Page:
Can property owners affected by Cuban government's expropriations since 1959 claim against investors in Spain?

Opening a Pandora's Box: The application of Title III of the Helms-Burton Act by the Trump administration in the U.S. gives new impetus in the Spanish courts to the claims of former owners of property "confiscated" by the Cuban government since 1959.

On May 2, 2019, the United States government allowed the application of Title III of the Helms-Burton Act, for the first time since the law was enacted in 1996, to allow United States nationals to sue persons who "traffic" in private property "confiscated" by the Cuban government since 1959.

 

The Trump Administration has also imposed restrictions on the entry into the United States of corporate executives and non-U.S. persons determined to be trafficking in such confiscated property, pursuant to Title IV of the Helms-Burton Act.

 

This action has opened the door to a flood of lawsuits against companies with active interests in Cuba, and not only in the United States.

 

Among other companies on a long list, there have been lawsuits in the United States under the Helms-Burton Act, Amazon, the hotel and tourist search platforms Expedia, Hotels.com, Orbitz, Travelocity.com, Trivago, Bookings.com, the cruise company Carnival or American Airlines.  

 

Spanish subsidiaries of Meliá, Barceló, Iberostar have been sued in the United States, and the same plaintiffs, who invoked Title III of the Helms-Burton Act, have also sued or announced the imminent filing of a lawsuit against their parent companies in Spain. Some of the lawsuits, such as that filed by the Sanchez-Hill family against Melia, may finally be heard in Spain,after the Court of Appeals of Palma de Mallorca decided to dismiss the appeal based on the alleged lack of jurisdiction of the defendant's domicile court, ultimately ordering the Court of First Instance to try the case.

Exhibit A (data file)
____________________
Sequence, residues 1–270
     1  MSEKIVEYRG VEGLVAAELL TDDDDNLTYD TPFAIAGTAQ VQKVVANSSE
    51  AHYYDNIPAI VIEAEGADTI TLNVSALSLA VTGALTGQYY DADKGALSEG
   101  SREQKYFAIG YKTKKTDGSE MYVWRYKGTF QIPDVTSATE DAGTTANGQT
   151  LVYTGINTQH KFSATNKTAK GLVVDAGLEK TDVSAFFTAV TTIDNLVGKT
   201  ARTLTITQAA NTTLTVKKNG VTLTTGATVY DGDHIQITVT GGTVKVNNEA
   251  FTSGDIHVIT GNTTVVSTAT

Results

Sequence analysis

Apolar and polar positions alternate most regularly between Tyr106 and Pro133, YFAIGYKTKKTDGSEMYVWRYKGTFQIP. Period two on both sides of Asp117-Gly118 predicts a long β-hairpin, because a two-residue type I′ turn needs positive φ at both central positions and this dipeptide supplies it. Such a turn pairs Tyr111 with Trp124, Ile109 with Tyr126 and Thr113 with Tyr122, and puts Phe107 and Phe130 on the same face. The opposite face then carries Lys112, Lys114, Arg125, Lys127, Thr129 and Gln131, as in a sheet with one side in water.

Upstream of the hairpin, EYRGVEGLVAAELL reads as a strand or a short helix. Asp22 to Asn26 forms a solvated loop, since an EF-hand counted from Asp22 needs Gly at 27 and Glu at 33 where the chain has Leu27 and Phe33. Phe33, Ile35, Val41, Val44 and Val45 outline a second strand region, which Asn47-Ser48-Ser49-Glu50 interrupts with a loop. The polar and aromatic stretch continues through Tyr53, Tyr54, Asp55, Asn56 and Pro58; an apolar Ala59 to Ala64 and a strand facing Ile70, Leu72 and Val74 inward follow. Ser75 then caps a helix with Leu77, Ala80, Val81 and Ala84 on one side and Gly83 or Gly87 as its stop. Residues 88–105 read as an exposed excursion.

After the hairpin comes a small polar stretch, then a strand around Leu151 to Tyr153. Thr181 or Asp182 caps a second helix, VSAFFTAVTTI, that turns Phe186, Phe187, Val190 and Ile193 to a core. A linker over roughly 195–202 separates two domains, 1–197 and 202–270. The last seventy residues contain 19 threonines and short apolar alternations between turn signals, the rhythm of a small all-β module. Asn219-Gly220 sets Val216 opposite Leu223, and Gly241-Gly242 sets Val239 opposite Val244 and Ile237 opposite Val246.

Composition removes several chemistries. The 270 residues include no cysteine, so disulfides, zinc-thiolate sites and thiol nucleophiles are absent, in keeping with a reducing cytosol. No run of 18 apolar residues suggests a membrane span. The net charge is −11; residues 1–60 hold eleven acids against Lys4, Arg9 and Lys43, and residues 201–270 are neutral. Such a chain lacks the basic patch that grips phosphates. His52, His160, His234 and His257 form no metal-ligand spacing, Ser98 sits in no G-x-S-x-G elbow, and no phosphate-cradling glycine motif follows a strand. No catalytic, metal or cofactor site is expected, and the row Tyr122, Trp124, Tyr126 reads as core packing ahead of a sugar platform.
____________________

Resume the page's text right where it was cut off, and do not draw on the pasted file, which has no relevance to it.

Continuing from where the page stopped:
It is necessary to evaluate, according to Spanish law, the possibilities of the plaintiffs who intend to claim before Spanish courts the persons or companies that "traffic" with private property "confiscated" by the Cuban government since 1959, the approach or doctrinal theories and jurisprudence that could serve as a basis for their claim, the evidentiary requirements and the specialties of private international law that this type of claim has.

 

 

What were the nationalizations that occurred with the 1959 Revolution in Cuba?

 

On February 7, 1959, the revolutionary government in Havana enacted the so-called Basic Law of the Republic, the new Cuban "constitution". This marked the beginning of a radical change in the country's model of government, both politically and economically.

 

The organized and centralized economy desired by the new government involved, among many other things, the destruction of private property. The first sign of this came with the Agrarian Reform Law. The new regulations were intended to eliminate the large estates, in fact, they were all reduced to 30 caballerias (403 hectares), expropriating the surplus land. The acquisition of land by foreign citizens was completely forbidden, and all Cuban citizens who worked the land became usufructuaries of the expropriated land.